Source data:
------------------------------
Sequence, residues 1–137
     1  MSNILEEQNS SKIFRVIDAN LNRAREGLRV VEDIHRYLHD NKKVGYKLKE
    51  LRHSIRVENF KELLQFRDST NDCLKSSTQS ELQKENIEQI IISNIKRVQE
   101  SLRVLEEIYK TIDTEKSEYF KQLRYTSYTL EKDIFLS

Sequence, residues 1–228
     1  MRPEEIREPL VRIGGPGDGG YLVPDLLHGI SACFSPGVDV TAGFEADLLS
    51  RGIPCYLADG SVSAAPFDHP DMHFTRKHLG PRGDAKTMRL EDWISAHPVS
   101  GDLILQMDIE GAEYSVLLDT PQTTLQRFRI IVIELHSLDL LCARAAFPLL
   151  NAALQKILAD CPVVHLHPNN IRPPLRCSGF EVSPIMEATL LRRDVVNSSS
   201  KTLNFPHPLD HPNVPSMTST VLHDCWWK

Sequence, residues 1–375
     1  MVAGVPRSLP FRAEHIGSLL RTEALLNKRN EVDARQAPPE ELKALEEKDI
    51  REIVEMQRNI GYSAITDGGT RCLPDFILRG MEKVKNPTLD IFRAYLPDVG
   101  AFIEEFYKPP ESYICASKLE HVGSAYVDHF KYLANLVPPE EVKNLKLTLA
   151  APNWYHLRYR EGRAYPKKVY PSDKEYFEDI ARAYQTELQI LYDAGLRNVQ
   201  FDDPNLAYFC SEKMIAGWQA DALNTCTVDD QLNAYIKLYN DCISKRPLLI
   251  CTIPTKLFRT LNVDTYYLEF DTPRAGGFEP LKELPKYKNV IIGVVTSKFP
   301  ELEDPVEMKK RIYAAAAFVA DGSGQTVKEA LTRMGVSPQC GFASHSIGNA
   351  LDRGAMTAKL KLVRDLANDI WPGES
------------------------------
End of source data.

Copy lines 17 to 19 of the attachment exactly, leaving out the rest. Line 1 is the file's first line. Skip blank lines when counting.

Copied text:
   251  CTIPTKLFRT LNVDTYYLEF DTPRAGGFEP LKELPKYKNV IIGVVTSKFP
   301  ELEDPVEMKK RIYAAAAFVA DGSGQTVKEA LTRMGVSPQC GFASHSIGNA
   351  LDRGAMTAKL KLVRDLANDI WPGES